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Motor contagion: the contribution of trajectory and end-points

Roberts, JW, Hayes, SJ, Uji, M and Bennett, SJ (2015) Motor contagion: the contribution of trajectory and end-points. PSYCHOLOGICAL RESEARCH-PSYCHOLOGISCHE FORSCHUNG, 79 (4). pp. 621-629. ISSN 0340-0727

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Increased involuntary arm movement deviation when observing an incongruent human arm movement has been interpreted as a strong indicator of motor contagion. Here, we examined the contribution of trajectory and end-point information on motor contagion by altering congruence between the stimulus and arm movement. Participants performed cyclical horizontal arm movements whilst simultaneously observing a stimulus representing human arm movement. The stimuli comprised congruent horizontal movements or vertical movements featuring incongruent trajectory and end-points. A novel, third, stimulus comprised curvilinear movements featuring congruent end-points, but an incongruent trajectory. In Experiment 1, our dependent variables indicated increased motor contagion when observing the vertical compared to horizontal movement stimulus. There was even greater motor contagion in the curvilinear stimulus condition indicating an additive effect of an incongruent trajectory comprising congruent end-points. In Experiment 2, this additive effect was also present when facing perpendicular to the display, and thus with end-points represented as a product of the movement rather than an external spatial reference. Together, these findings support the theory of event coding (Hommel et al., Behav Brain Sci 24:849–878, 2001), and the prediction that increased motor contagion takes place when observed and executed actions share common features (i.e., movement end-points).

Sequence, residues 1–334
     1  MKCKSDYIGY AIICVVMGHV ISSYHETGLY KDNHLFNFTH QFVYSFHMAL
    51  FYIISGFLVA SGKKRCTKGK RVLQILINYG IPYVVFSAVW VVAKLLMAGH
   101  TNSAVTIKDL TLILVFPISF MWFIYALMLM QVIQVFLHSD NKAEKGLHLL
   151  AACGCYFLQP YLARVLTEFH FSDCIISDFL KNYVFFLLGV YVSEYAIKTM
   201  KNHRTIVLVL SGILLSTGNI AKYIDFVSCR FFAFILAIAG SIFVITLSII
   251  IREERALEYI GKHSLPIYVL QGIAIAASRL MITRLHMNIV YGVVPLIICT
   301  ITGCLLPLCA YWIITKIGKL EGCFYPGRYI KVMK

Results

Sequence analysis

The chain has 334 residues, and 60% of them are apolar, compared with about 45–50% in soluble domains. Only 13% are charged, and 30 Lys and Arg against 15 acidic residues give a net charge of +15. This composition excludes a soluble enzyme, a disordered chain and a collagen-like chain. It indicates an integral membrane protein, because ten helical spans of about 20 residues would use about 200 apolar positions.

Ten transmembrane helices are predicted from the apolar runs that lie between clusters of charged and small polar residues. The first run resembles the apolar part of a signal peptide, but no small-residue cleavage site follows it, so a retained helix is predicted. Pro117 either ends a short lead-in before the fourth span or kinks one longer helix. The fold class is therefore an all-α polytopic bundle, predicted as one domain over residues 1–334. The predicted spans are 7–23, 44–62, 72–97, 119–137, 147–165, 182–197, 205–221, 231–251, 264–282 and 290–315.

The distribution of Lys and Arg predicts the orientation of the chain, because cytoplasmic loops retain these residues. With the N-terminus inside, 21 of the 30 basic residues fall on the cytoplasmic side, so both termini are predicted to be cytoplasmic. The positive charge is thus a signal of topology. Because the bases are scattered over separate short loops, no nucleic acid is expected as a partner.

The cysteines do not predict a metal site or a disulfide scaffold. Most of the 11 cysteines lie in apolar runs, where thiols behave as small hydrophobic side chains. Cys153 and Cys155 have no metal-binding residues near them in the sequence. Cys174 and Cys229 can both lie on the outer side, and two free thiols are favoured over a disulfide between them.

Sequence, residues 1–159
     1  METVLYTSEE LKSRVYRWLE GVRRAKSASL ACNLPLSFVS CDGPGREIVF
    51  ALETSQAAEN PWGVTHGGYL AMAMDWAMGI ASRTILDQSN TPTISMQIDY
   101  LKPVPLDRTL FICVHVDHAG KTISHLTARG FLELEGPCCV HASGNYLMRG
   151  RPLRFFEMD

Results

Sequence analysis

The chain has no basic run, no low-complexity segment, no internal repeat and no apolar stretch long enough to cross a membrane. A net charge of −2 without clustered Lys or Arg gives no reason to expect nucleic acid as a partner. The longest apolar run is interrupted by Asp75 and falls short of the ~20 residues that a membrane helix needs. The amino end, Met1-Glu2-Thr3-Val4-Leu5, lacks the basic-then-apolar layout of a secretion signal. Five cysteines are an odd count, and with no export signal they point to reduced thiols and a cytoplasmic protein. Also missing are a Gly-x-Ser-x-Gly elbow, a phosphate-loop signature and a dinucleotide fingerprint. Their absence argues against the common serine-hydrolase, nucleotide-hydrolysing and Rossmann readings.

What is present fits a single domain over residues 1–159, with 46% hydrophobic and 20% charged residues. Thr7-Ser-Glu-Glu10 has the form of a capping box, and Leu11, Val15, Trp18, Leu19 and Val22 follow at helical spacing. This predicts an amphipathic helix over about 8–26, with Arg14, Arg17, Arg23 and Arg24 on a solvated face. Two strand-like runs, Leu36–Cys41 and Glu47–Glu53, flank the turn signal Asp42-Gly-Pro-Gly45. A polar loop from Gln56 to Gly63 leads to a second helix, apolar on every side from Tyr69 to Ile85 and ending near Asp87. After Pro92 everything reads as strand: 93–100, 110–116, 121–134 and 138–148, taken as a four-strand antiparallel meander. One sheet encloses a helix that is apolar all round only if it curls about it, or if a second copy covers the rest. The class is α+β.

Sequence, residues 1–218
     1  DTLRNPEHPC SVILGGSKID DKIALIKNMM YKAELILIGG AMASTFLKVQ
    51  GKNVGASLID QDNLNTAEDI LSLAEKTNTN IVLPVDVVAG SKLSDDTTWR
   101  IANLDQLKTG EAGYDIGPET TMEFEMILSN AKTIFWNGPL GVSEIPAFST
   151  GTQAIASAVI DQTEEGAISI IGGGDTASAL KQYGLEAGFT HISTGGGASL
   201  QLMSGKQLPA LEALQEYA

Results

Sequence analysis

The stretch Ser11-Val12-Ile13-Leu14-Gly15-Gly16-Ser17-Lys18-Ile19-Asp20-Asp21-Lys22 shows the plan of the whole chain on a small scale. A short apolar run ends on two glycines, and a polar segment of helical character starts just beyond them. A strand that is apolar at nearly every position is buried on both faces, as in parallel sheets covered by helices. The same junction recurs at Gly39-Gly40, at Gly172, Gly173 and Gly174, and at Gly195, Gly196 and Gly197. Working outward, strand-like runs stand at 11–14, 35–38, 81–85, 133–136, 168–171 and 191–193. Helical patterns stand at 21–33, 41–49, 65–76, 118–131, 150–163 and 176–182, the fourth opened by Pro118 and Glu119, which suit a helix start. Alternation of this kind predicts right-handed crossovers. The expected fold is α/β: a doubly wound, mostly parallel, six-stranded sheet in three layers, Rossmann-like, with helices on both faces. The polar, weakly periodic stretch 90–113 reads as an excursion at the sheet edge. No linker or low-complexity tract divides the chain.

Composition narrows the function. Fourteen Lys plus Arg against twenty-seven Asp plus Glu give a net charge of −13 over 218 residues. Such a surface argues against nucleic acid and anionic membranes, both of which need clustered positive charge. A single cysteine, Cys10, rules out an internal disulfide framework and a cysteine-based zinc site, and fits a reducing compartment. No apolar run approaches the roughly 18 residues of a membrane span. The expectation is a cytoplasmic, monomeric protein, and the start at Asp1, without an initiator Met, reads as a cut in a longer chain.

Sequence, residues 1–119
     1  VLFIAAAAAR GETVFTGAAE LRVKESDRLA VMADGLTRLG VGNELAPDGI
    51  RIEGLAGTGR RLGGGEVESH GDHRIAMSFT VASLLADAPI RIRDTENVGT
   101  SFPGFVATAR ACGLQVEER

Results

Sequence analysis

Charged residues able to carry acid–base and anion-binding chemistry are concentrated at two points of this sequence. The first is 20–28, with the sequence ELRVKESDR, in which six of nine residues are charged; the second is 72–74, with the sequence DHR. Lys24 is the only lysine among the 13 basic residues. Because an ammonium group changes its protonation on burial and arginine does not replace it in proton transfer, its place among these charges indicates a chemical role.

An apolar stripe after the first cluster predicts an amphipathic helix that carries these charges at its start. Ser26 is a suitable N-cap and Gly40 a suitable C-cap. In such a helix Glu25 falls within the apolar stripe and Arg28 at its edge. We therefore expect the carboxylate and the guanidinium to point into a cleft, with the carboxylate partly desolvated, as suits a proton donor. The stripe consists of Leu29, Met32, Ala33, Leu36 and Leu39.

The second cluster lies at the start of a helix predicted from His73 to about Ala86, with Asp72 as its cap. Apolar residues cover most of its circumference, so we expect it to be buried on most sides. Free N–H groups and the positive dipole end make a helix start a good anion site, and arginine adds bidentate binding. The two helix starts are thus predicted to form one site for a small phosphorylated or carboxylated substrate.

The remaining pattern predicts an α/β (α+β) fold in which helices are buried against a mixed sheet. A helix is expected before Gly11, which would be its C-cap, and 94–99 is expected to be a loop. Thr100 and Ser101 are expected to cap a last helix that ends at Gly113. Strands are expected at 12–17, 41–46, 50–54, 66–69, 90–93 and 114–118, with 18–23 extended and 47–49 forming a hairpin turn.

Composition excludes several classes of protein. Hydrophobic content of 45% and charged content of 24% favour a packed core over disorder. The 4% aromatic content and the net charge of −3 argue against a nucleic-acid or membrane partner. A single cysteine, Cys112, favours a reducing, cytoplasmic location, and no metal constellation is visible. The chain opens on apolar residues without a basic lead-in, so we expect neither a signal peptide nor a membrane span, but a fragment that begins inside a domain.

Item Type: Article
Additional Information: The final publication is available at Springer via http://dx.doi.org/10.1007/s00426-014-0589-x
Uncontrolled Keywords: 1701 Psychology, 1702 Cognitive Science
Subjects: B Philosophy. Psychology. Religion > BF Psychology
R Medicine > RC Internal medicine > RC0321 Neuroscience. Biological psychiatry. Neuropsychiatry
Divisions: Sport & Exercise Sciences
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Date Deposited: 26 Oct 2015 12:29
Last Modified: 04 Sep 2021 14:13
DOI or ID number: 10.1007/s00426-014-0589-x
URI: https://researchonline.ljmu.ac.uk/id/eprint/1562

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